I am and have been guilty of this many times over. As women, we have been socially conditioned to say “yes.” We don’t want to hurt someone’s feelings, we often don’t like confrontation, and we were raised from childhood to agree with authority figures. We are also strong, smart, and high-achieving, yet we still feel a twinge of guilt any time we say no.
How does this show up at work? Responding to that late-night or weekend email. Taking on that extra project to please your manager when you know you can’t get it done without overtime. Rescheduling a lunch-time exercise session because a co-worker called you with his third last-minute request this month. Working overtime for weeks on end to meet deadlines. Cutting short a vacation (or not taking one at all!) because you have too much work to do.
This has nothing to do with being a team player, and everything to do with learning to set proper boundaries. The ability to set boundaries at work is a critical skill to learn as early in your career as possible.
To put this another way, I have a three year old. She will ask me for candy as a snack, “just this one time.” I almost always tell her no, but occasionally cave. The last time I said yes, she thought she should be able to have candy for snack-time for the next week and threw a temper tantrum when she did not get it. Why? Because in giving in that one time I set the expectation that I would let her do it again.
That is EXACTLY what you do when you think to yourself “just this one time” and agree to something you know, deep down, you shouldn’t. You set an expectation with another person – your boss, your client, your co-worker - that you will continue to answer emails off-hours, prioritize work above taking care of yourself, work overtime, and jump on another project without having discussed expectations with everyone involved.
“But,” you may be thinking, “If I say no I won’t be perceived as a team player or a collaborative person, which I know is important for career growth.” This is very true if you don’t know how to set clear expectations or say no with purpose. Here’s what to do instead:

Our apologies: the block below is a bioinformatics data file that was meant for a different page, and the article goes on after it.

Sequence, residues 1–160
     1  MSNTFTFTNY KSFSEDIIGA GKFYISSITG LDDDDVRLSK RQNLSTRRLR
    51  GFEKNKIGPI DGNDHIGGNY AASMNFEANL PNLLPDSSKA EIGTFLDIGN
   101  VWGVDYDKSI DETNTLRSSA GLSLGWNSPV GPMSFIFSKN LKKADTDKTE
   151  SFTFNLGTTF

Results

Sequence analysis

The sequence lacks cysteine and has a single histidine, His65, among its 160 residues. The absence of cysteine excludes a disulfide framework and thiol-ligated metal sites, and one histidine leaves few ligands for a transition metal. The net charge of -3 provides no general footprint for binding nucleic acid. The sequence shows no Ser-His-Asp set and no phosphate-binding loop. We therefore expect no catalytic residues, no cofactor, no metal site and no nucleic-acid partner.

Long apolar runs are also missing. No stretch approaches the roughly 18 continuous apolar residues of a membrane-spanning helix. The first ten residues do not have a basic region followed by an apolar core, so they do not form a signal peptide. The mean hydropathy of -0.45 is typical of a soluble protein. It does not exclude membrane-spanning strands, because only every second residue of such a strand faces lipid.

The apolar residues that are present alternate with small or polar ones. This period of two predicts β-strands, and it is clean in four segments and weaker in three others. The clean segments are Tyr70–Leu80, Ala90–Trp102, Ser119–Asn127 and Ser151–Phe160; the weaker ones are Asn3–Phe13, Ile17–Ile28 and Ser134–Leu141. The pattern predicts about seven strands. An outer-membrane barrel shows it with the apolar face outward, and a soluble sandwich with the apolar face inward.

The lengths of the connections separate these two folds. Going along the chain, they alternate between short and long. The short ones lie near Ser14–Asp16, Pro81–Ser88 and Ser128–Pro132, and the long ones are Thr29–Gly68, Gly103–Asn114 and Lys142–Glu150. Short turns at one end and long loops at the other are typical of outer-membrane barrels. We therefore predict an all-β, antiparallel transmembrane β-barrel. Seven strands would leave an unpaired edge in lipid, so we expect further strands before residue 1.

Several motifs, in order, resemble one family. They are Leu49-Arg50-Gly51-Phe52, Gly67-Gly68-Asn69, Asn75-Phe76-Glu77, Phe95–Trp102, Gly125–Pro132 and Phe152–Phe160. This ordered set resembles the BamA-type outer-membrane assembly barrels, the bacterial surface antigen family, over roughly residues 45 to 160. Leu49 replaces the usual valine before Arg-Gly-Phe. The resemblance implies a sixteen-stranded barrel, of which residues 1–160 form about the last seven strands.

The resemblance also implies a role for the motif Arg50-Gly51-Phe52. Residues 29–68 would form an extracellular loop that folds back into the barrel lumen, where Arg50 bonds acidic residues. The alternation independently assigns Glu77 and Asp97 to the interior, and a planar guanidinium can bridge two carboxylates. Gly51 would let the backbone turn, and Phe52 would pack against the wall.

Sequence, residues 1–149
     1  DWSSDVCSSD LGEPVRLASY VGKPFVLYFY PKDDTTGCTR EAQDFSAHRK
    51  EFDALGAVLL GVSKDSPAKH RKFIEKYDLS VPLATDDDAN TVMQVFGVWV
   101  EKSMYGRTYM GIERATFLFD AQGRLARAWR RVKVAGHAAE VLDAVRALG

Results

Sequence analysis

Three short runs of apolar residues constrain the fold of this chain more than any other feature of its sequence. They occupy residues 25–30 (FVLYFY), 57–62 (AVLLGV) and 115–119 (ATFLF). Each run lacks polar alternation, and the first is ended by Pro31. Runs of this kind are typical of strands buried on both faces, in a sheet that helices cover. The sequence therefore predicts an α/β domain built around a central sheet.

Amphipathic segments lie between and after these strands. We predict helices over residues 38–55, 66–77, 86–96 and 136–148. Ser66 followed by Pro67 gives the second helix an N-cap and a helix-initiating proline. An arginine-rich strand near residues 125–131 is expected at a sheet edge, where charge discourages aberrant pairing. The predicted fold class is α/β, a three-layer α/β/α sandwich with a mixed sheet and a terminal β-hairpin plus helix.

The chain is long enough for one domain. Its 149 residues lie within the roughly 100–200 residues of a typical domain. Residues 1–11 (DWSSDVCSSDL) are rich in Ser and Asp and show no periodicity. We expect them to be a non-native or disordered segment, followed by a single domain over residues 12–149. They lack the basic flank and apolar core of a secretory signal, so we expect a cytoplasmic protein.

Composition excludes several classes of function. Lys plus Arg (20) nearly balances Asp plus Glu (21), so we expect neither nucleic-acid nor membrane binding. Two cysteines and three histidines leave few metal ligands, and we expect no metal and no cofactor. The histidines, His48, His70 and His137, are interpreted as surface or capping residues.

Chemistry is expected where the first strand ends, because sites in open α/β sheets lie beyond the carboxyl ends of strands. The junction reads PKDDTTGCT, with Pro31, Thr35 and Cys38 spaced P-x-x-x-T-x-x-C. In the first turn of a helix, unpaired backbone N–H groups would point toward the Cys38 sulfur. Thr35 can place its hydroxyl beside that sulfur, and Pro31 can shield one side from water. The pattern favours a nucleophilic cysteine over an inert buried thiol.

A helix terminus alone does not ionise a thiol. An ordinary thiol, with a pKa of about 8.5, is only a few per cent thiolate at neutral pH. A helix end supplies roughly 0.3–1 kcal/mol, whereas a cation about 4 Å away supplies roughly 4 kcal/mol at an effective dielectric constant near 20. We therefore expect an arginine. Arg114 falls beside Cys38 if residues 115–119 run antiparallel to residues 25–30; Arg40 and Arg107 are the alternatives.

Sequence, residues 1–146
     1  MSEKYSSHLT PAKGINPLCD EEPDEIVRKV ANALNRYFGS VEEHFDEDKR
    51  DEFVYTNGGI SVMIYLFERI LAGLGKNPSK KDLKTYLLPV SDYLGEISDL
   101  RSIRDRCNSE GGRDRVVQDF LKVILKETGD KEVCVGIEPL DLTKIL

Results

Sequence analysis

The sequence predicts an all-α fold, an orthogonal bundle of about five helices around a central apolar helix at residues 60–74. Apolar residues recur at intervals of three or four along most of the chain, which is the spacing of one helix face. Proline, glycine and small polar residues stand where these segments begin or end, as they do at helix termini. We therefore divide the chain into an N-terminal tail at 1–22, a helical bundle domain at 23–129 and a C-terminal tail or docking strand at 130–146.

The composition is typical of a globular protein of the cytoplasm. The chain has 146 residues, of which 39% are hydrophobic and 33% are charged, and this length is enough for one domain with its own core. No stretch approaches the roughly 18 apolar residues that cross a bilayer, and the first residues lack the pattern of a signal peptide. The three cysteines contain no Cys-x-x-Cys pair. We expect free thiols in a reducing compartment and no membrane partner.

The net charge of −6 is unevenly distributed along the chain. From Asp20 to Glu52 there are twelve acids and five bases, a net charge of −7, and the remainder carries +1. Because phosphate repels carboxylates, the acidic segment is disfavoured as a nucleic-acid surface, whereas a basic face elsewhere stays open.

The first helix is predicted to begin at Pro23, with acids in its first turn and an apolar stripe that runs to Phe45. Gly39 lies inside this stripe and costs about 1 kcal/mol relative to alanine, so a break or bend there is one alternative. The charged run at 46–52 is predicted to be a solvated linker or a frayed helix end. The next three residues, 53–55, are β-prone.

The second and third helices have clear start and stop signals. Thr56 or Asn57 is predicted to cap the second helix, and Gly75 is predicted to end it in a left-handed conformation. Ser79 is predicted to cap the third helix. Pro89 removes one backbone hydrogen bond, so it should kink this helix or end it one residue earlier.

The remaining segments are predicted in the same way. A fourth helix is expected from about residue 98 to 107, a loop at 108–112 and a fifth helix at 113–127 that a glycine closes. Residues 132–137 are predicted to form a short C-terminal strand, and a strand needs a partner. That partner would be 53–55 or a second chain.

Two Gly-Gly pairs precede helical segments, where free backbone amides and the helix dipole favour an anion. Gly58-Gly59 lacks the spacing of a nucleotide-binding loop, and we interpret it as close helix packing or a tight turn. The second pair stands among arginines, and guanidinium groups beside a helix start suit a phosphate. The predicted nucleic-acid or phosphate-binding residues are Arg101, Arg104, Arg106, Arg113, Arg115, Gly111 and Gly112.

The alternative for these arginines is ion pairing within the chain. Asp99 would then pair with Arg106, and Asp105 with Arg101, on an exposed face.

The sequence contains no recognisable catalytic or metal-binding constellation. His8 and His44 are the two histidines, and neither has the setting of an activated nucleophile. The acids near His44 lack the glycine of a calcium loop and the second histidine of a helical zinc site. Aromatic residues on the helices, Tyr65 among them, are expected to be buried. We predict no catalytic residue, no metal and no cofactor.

On answering after-hours or vacation emails: Ask your manager/boss what the expectations are for answering emails after hours or on vacation. Many will tell you this is not an expectation if asked. If it is, ask how they would like you to monitor and document your time spent, and how you will be paid for this either in overtime pay or comp time.
Set the expectation with him/her that you will generally not be checking emails when not at work (since we all know a rested employee is a much more productive one). In the event of an emergency, he or she can call you directly. Most (good) managers won’t abuse that policy if you’ve had this discussion.
On taking on extra project requests: When presented with a request, do not automatically say “yes.” If it will take less than 5 minutes, do it immediately. If it will take more, stop and think for a moment.
Ask the person to elaborate on completion date, and their expectations as to time it will take for successful completion. Then, consider who is making the request, and if this person is someone with the authority to change your work project priorities? If so, when can you realistically fit it in?
Since you can only actually work on one thing at a time, what other projects would need to be moved down in the priority list if this new one is really the top priority? Are you the only person who can help? Or is someone else either have the time needed to address this task or is simply better suited to this particular request?
Let’s say you don’t think you can fit in this request and it is your direct manager who is asking. Instead of saying “No, I don’t have time,” you can say “I’d be glad to help you on this and already have a lot on my plate. What other projects can be a lower priority in order to complete this one first?” Do you see the difference? You just said no with purpose.
To be clear, I am not advocating that you say “no” all the time in your career. Saying “yes” early and often – especially to challenges that will help you learn new skills – is critical to having a fulfilling career. The important thing is to be intentional about why you are saying “yes”. Is saying yes moving you closer to your career goals? Or is it moving you towards frustration and burnout? Only you can know the answer to that question.
Looking for more books on behaviors and habits that are holding women back at work? Check out the two books below.